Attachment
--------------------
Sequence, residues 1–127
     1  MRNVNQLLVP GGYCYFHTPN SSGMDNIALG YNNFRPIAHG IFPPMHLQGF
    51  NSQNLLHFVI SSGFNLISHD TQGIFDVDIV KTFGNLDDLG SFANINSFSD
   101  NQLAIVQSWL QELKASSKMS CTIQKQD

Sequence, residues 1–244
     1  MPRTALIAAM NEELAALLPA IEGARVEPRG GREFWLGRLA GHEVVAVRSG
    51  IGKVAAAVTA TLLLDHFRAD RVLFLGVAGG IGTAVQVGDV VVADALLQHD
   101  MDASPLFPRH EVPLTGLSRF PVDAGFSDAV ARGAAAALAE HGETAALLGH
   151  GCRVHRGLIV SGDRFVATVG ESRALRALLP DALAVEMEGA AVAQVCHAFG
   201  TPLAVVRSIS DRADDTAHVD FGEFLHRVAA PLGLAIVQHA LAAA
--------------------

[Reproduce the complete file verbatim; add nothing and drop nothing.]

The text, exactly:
Sequence, residues 1–127
     1  MRNVNQLLVP GGYCYFHTPN SSGMDNIALG YNNFRPIAHG IFPPMHLQGF
    51  NSQNLLHFVI SSGFNLISHD TQGIFDVDIV KTFGNLDDLG SFANINSFSD
   101  NQLAIVQSWL QELKASSKMS CTIQKQD

Sequence, residues 1–244
     1  MPRTALIAAM NEELAALLPA IEGARVEPRG GREFWLGRLA GHEVVAVRSG
    51  IGKVAAAVTA TLLLDHFRAD RVLFLGVAGG IGTAVQVGDV VVADALLQHD
   101  MDASPLFPRH EVPLTGLSRF PVDAGFSDAV ARGAAAALAE HGETAALLGH
   151  GCRVHRGLIV SGDRFVATVG ESRALRALLP DALAVEMEGA AVAQVCHAFG
   201  TPLAVVRSIS DRADDTAHVD FGEFLHRVAA PLGLAIVQHA LAAA